Saturday 17 August 2019

Alli shines bright as Wembley delivers right message

The words 'Liberte, Igalite, Fraternite' and the colours of the French flag adorn Wembley Stadium
The words 'Liberte, Igalite, Fraternite' and the colours of the French flag adorn Wembley Stadium

Jason Burt

The scoreboard read 2-0 to England but it was always 1-0 to football.

The statistics record that Dele Alli and Wayne Rooney scored but they were a footnote in a far greater moment in history; an evening when the occasion, the resolution to play this friendly international, the message that sent, mattered far more than anything else that could be discerned.

Three wreathes lay by the side of the pitch throughout - one at the end of each technical area, one in the middle - as a constant, probably inadvertent, but somehow appropriate, reminder.

The flowers had been placed pre-match by the dignitaries after the ceremonies and tributes, the defiance and the remembrance of those who had died in the Paris atrocities drew to a close before kick-off.

The world will be watching, the English Football Association had said. And the world will have liked what it saw. No one could fault the effort and the honourable commitment of those involved, especially, of course, this young, exciting French side who have so much to look forward to, but must first overcome the hurt of the present and the fear of the future, in Euro 2016 in their country next summer.

There was also encouragement from this England side, youthful but also technically gifted, with assured performances from Alli, Ross Barkley and John Stones, among others.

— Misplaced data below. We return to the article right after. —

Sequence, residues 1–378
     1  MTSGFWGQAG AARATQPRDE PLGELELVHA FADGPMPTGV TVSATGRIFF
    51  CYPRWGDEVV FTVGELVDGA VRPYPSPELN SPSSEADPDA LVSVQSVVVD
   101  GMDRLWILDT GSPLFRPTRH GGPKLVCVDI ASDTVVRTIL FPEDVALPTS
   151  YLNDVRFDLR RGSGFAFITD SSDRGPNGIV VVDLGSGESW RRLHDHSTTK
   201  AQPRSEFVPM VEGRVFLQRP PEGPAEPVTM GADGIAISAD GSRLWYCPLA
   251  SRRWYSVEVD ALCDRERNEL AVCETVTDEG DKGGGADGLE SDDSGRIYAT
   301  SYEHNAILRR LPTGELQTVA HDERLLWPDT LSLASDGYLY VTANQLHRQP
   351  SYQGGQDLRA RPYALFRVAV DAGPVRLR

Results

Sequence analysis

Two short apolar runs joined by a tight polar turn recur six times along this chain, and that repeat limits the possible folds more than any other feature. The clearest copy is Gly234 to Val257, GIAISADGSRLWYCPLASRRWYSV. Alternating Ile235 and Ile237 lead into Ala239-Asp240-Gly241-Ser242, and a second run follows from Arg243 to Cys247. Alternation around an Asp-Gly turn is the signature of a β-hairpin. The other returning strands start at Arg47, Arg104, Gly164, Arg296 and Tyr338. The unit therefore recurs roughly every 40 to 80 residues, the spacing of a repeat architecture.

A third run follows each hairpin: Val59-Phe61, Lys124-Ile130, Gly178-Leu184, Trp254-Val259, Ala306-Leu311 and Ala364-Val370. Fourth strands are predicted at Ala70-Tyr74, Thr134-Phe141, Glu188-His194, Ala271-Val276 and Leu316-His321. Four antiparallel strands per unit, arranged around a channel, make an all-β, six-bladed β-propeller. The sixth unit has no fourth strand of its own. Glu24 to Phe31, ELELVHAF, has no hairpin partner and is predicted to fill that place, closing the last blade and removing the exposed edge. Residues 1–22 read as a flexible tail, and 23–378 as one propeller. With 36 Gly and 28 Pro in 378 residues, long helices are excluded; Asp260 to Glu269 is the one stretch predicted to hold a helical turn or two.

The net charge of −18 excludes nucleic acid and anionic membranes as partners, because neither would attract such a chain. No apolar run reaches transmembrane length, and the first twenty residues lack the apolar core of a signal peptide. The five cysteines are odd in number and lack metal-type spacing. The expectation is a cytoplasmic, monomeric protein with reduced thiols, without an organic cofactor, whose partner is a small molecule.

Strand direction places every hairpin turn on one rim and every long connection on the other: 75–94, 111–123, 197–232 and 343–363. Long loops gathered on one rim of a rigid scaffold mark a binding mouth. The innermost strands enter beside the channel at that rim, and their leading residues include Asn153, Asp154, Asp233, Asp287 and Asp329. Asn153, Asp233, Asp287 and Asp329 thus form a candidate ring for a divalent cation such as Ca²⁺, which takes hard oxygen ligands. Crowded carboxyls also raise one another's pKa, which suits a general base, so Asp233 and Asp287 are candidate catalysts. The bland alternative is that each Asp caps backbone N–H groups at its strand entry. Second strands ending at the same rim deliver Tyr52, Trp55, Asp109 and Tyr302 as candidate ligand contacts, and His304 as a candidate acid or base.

No one knew how anyone would react if a goal was scored. It helped that, when Alli beat Hugo Lloris six minutes before the end of the first half, it was such an exceptional strike from such a joyous young talent.

A gifted player who could not - and was right not to - prevent his delight from bursting through at scoring his first goal for his country on his first start, earning his fourth cap and all by the age of 19.

It was a brilliant goal, constructed down England's right with Alli winning the ball and Wayne Rooney turning it inside to the Tottenham man, whose angled, dipping, right-foot shot from distance cleared Morgan Schneiderlin's challenge and arrowed out of Lloris' grasp to find the net.

There was a gasp; and then the crowd reacted. Reacted as it should do to a goal; and a very good one at that.

Alli was heavily involved in England's second goal, soon into the second half. Encouragingly high up the pitch, he stole possession from substitute Paul Pogba and quickly fed the ball out wide to Sterling, whose cross beat Koscielny and fell to Rooney. His crisp volley from close range ricocheted off Lloris and into the net to give him his 51st goal for England. Again, rightly, there were celebrations.

Long before the end the crowd had begun to thin out. Not through any lack of respect but, more likely, through a natural impulse to clear the area. It was another reminder of how strange, but important, a night it had been.

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